– Tom J Nowell
    Jul 1 at 13:18
  • If your question is how to implement the validation aka where you told WP that a parameter is an integer and are now looking to write the code that checks if it's an integer, then the answer is you don't, WordPress does that for you, and if your value is more complex then you do that as a part of the registration process when you define it.
    – Tom J Nowell
    Jul 1 at 13:19
  • It would be more helpful if your question contained a concrete example and code, rather than being hyper-abstract and generic, use the edit link to make the question more tangible and concrete, it will be much easier to understand and write answers, right now there are ambiguities, unshared assumptions, and implied things
    – Tom J Nowell
    Jul 1 at 13:21
  • you're expecting that you can write a scheme somewhere for requests and provide it? Exactly, yes, and I feel that you have to do it via the mentioned rest_validate_value_from_schema and rest_validate_value_from_schema functions. To these, you can actually indeed provide a WP JSON Schema (as PHP array, as for the schema parameter when registering a route), and the two callbacks then use that to execute the validation and sanitization as built-in by wordpess. Think I figured it out; will post the resulting code in a while.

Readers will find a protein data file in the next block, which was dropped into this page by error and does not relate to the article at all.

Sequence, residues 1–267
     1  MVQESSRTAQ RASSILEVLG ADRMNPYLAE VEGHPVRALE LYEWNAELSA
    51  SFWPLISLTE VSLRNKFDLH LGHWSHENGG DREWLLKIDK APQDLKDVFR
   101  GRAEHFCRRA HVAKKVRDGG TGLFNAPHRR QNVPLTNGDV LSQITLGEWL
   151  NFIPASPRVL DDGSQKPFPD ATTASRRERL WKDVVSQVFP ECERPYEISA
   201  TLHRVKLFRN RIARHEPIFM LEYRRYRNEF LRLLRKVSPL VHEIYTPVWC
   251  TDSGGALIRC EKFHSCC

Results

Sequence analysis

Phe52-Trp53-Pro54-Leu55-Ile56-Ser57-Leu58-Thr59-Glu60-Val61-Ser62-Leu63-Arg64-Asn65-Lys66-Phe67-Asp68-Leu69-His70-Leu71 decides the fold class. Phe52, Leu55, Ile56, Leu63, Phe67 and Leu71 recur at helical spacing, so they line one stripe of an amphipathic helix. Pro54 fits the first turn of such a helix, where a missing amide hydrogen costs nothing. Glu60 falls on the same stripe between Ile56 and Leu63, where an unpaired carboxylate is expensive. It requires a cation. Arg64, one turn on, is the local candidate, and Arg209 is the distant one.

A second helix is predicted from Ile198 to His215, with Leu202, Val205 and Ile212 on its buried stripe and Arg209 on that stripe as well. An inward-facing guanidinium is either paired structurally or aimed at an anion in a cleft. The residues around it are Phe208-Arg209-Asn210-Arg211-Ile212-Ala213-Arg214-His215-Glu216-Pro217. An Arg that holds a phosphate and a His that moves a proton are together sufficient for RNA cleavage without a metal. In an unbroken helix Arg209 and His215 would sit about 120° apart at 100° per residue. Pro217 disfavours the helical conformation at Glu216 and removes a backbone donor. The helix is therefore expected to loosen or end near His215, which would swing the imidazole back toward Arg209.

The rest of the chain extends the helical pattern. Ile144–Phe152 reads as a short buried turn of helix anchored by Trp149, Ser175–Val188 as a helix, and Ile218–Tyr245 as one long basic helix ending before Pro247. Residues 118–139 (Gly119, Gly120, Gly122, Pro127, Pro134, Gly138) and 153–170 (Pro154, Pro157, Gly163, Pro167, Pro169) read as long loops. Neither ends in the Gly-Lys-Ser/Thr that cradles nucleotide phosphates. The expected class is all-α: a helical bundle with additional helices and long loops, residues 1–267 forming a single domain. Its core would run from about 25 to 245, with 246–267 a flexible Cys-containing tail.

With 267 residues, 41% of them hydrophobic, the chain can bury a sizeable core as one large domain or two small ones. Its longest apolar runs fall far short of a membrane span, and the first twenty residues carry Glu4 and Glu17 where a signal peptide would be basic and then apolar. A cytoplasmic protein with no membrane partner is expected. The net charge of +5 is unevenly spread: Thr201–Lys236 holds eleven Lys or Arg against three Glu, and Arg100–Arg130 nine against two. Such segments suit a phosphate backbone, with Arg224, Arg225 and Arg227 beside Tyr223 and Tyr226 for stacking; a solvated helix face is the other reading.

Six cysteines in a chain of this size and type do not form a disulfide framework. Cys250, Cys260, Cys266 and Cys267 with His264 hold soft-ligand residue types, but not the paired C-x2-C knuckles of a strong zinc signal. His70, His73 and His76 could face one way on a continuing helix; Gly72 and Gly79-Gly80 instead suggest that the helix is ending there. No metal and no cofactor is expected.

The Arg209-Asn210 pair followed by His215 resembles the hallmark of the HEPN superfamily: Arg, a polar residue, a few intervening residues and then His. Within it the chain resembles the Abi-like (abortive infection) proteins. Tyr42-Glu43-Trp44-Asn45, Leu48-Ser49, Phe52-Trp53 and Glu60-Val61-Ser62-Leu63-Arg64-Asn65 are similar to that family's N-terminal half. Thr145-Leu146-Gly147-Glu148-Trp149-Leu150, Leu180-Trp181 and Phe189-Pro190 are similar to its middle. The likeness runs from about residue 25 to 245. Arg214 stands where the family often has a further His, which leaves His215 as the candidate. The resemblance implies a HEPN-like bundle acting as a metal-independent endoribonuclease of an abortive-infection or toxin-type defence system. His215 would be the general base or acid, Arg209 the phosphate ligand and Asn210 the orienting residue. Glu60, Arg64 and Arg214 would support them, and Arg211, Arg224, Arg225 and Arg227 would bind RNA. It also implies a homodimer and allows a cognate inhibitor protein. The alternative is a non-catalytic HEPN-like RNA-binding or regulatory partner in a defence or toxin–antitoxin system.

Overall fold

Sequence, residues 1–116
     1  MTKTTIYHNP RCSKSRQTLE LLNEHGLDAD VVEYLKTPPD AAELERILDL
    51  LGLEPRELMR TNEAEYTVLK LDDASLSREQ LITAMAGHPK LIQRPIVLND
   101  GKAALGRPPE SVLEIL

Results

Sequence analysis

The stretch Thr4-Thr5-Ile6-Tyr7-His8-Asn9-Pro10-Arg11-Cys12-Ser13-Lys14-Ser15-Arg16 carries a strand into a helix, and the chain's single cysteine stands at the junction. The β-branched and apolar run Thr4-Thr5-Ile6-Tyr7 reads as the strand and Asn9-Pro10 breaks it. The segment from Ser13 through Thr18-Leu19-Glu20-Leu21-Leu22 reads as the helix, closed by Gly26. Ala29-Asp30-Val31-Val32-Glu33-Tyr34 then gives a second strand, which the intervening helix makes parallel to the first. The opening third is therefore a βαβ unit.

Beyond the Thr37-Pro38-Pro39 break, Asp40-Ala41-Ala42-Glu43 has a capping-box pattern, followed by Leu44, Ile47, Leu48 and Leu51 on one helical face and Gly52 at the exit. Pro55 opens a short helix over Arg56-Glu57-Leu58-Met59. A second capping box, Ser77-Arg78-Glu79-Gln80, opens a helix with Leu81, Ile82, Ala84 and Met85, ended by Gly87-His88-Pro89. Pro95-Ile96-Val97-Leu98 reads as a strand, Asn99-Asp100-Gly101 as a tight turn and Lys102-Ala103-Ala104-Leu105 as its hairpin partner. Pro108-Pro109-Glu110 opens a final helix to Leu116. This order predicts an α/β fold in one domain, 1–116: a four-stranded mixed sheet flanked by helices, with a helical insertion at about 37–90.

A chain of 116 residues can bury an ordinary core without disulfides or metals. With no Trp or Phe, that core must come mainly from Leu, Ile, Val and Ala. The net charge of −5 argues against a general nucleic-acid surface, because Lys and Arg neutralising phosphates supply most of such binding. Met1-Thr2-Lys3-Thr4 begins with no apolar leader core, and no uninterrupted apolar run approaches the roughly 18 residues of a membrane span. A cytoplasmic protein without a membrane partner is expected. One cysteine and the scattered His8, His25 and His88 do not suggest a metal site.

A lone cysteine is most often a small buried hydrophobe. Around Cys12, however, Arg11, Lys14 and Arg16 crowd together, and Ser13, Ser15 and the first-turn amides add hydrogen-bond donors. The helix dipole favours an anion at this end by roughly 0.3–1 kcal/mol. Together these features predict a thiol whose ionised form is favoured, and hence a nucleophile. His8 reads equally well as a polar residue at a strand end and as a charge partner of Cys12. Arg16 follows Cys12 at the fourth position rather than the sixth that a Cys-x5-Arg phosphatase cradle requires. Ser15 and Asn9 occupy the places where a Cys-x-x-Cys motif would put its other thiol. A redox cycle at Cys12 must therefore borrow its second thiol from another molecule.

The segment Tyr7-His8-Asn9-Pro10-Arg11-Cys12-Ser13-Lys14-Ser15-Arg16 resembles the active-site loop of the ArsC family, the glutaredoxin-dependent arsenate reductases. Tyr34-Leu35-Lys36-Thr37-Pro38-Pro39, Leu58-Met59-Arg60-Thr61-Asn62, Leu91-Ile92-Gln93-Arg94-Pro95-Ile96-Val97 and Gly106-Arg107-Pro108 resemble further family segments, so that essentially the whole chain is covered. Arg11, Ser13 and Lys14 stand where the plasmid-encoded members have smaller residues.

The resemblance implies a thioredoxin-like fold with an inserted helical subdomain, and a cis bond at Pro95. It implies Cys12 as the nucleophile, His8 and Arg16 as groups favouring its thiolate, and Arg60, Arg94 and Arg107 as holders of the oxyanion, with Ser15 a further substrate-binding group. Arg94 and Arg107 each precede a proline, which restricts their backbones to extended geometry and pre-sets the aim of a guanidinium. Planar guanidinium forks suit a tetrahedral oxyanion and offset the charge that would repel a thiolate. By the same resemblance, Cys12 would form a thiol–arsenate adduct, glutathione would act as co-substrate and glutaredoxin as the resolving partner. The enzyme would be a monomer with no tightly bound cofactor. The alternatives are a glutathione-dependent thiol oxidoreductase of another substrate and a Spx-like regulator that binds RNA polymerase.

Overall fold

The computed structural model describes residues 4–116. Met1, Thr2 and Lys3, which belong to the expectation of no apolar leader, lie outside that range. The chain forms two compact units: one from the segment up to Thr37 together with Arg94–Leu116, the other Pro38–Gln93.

– DevelJoe
    Jul 1 at 13:42
  • I think those functions are intended for when you construct your own REST controller, they wouldn't be how you provide a schema, but rather if you had already provided a schema it would be the function WP uses to validate things against it, which isn't quite what you're aiming to do
    – Tom J Nowell
    Jul 1 at 13:50

3 Answers 3

3

You're already providing a schema, the parameters in args are their own schemas, but WordPress does not enforce this schema or perform sanitisation/validation by default.

You can make WordPress enforce it though by setting the validation and sanitisation callbacks to the following: